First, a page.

After two years spent experimenting with variopus hydrophone systems, a towed "dipole" array of hydrophones was was designed in cooperation with Alenia Elsag Sistemi Navali and built by Alenia and USEA to meet specific requirements of our research, such as reliability associated with a high acoustic quality.

The designed array is easy to deploy, and can be operated from non specifically equipped vessels as it does not require a winch. The array works well either on small vessels, thus making it possible to work with small budgets, or on large oceanographic ships.
The towed array consists in an oil-filled hose which is 12 meters long, 6 cm in diameter, and holds two groups (mini-arrays) of acoustic transducers, their preamplifiers, and a pressure transducer. The towing cable is 150 meters long. The two mini-arrays, made of three acceleration cancelling transducers each, are positioned 8 meters from each other. Flat frequency response to more than 40 kHz and low self-noise are the two key-features of the array.
The mini-arrays can be operated with the three transducers in parallel, in order to achieve a directional reception and to attenuate longitudinal noise, or by selecting only the central transducer of each array to get omnidirectional sensitivity.
A custom electronic controlling unit was designed to provide power to the array and to amplify and filter the received signals. A depth-meter, connected to the pressure transducer in the array, displays the operating depth in real-time (at 4-5 knots the average depth is 22-24 meters) so that it is possible to evaluate the timing of surface reflected echoes. The whole instrumentation, that initially included a portable PC-based DSP Workstation and two DAT recorders, was powered by batteries and photovoltaic panels, thus allowing a complete autonomy from the host vessel power source.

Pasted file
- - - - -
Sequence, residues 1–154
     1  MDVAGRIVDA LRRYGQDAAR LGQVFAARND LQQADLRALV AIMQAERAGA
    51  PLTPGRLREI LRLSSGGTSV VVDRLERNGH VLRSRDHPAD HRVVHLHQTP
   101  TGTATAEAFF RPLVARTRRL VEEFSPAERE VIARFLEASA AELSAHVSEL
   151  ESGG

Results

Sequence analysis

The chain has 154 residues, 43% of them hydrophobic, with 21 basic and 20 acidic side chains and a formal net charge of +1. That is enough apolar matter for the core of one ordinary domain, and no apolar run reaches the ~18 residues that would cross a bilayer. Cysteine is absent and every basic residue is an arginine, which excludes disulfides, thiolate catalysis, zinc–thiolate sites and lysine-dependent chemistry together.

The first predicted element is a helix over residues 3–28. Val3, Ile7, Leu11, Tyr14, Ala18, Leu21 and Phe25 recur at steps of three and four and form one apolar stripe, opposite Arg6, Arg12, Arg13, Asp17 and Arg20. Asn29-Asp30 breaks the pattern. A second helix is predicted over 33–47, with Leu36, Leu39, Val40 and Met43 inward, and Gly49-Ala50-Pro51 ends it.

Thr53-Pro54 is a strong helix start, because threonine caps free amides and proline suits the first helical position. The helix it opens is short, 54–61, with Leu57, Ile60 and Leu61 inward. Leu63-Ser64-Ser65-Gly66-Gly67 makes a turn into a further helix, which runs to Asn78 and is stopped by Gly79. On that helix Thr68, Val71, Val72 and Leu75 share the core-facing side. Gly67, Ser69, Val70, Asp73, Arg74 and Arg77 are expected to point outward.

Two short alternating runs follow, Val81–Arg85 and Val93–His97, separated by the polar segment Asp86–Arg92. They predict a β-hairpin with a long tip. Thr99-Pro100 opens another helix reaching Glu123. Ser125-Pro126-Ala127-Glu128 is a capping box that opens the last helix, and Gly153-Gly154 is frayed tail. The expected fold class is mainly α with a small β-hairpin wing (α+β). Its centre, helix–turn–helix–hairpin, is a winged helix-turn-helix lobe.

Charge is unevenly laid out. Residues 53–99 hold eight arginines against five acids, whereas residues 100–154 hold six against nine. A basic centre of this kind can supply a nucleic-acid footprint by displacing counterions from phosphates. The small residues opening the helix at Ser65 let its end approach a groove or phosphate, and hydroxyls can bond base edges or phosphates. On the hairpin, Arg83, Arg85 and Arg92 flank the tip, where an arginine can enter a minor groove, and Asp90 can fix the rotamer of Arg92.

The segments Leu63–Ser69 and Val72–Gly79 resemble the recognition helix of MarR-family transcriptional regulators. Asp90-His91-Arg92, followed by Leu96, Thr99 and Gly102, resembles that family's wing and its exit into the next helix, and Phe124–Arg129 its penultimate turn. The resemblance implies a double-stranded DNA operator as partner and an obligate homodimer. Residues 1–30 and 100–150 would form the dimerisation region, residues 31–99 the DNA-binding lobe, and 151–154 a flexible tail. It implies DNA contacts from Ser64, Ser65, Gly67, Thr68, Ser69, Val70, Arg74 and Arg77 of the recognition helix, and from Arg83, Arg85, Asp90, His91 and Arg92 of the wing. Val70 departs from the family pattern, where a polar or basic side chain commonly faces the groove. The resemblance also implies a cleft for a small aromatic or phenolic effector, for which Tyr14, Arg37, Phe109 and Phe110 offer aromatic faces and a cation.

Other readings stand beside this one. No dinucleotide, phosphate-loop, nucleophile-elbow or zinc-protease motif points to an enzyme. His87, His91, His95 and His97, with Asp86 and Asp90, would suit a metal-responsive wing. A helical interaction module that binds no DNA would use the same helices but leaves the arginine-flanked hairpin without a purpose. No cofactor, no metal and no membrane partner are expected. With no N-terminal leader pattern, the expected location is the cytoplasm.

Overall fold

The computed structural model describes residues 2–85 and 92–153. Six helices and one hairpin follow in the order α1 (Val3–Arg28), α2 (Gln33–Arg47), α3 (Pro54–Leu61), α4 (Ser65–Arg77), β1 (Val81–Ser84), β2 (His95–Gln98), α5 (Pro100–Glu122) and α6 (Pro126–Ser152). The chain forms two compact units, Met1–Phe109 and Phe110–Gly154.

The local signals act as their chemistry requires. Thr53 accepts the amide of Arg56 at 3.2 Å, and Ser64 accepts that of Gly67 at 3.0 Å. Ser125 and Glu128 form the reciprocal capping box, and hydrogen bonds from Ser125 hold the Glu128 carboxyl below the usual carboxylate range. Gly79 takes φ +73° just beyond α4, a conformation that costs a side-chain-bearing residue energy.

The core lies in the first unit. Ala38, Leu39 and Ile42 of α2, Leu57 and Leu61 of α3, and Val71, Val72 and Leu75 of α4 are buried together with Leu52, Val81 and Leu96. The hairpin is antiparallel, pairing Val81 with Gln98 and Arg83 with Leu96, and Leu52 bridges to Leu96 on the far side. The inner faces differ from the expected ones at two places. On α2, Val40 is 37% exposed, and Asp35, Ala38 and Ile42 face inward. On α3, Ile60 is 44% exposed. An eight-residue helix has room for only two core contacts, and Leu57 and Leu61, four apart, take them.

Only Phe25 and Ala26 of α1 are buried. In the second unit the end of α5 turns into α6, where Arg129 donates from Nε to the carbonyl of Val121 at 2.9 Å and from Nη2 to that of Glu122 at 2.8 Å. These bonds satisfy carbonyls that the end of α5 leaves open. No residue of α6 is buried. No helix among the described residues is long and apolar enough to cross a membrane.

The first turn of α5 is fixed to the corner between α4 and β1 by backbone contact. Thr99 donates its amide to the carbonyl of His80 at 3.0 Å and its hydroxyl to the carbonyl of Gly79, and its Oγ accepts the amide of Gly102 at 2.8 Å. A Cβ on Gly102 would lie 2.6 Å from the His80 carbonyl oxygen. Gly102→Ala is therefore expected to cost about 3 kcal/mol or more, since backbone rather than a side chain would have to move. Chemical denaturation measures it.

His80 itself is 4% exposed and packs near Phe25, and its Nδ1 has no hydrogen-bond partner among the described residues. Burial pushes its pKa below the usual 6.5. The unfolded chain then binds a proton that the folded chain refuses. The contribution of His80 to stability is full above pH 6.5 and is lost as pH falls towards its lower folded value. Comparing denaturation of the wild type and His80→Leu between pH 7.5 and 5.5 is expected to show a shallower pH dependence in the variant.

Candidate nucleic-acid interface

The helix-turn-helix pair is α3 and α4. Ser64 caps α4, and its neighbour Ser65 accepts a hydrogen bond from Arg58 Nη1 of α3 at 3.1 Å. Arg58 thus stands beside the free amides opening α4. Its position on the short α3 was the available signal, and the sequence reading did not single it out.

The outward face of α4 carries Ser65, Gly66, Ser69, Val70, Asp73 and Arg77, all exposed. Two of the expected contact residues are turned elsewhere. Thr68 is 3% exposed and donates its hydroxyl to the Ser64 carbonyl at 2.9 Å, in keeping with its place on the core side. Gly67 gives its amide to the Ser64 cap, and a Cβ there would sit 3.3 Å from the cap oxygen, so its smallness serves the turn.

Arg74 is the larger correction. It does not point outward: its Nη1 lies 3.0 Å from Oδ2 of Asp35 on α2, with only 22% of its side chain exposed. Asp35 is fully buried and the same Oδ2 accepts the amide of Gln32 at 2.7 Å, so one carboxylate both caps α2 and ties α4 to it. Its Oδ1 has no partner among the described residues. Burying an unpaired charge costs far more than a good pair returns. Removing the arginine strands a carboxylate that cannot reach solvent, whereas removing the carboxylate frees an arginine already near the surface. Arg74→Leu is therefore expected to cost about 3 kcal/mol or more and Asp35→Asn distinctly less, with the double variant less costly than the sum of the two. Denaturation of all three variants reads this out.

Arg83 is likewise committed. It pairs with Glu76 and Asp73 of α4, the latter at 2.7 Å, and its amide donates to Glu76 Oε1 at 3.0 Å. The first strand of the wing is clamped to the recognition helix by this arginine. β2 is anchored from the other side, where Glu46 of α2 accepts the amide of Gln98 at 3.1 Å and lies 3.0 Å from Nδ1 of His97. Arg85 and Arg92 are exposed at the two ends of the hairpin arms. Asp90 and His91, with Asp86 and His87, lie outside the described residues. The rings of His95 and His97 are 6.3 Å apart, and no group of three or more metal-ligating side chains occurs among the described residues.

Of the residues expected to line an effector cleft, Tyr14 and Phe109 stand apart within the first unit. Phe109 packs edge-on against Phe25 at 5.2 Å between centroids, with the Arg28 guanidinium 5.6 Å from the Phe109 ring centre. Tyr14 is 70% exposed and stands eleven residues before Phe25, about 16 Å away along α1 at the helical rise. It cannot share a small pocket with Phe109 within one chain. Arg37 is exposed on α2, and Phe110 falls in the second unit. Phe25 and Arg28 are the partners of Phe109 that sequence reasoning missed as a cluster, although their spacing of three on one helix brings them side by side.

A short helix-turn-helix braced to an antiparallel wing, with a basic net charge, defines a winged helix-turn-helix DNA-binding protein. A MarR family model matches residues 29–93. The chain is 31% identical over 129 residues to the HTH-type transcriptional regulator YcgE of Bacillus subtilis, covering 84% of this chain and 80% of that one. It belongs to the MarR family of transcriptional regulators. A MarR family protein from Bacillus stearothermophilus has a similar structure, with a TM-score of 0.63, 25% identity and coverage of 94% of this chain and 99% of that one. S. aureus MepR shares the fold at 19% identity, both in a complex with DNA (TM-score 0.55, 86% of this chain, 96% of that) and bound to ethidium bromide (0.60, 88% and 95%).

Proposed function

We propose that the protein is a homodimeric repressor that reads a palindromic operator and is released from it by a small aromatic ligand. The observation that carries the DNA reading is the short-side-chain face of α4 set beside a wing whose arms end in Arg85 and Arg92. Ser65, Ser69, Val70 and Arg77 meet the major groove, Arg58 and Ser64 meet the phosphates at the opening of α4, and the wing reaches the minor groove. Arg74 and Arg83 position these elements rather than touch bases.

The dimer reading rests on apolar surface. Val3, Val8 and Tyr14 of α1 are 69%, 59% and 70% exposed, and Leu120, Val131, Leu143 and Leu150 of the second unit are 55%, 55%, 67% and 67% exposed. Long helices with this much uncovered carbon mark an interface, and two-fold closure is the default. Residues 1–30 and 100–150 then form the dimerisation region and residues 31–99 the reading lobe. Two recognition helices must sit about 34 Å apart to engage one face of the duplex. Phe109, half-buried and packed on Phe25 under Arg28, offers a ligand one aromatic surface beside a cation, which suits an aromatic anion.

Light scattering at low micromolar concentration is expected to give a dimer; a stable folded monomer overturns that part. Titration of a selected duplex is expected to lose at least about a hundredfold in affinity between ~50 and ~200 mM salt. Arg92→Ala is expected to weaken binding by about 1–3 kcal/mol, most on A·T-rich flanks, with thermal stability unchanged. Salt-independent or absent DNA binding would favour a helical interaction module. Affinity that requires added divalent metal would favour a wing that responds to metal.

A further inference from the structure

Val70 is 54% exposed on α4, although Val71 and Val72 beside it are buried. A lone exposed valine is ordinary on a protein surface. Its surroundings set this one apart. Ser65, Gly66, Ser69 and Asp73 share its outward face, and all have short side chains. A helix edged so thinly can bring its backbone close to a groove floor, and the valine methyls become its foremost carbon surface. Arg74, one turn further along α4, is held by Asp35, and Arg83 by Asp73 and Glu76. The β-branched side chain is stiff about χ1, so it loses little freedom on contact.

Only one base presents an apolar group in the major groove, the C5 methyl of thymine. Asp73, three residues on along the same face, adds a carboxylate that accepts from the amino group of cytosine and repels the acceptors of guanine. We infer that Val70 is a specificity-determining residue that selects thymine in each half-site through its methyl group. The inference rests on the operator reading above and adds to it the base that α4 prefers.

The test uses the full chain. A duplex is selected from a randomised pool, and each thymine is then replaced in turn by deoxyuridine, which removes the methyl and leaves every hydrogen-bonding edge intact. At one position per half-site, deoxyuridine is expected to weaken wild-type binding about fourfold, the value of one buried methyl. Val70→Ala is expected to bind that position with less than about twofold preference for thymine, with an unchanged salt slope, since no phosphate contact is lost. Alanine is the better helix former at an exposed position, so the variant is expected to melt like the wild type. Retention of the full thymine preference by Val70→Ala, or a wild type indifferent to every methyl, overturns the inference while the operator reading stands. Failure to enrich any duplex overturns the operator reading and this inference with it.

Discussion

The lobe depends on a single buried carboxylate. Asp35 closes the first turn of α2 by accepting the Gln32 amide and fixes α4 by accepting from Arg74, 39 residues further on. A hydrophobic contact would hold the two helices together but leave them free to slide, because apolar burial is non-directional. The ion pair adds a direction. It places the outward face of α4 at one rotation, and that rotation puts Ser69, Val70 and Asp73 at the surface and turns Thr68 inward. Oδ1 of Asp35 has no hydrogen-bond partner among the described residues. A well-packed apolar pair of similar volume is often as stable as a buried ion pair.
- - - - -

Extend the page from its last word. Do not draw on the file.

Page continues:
Designed in 1992 it was first deployed in summer 1993 and since then it has been used every year with very little maintenance needs.

The towed array and the equipment in the original setup (1993)

With the latest improvements in the DSPW, the interface to the array has bee redesigned to be smaller in size and with larger bandwidth. The interface electronics now allow more than 80 kHz bandwidth and a digital filter equalizes the response at the resonance frequency of the ceramics (42-45 kHz). The array can be now connected either to a desktop PC or to a laptop to allow continuous recording to hard-disk and real-time spectrographic display. Connected to the current CIBRA PAM DSPW is a powerful tool for both research and mitigation needs.

Even if the ALENIA array is still the core equipment at CIBRA, new towed arrays prototypes have been designed and built by CIBRA and NAUTA to have a backup equipment and to experiment new techniques and new hydrophone configurations to better achieve PAM requirements such as bearing and range estimation.

The towed array of hydrophones developed by CIBRA and ALENIA (Picture courtesy of D.M.Rossi).

The array on the winch of the RV Alliance (SOLMAR Project)

Building and testing equipment is a key activity at CIBRA

CIBRA Home Page

Updated August 2006, minor revision August 2012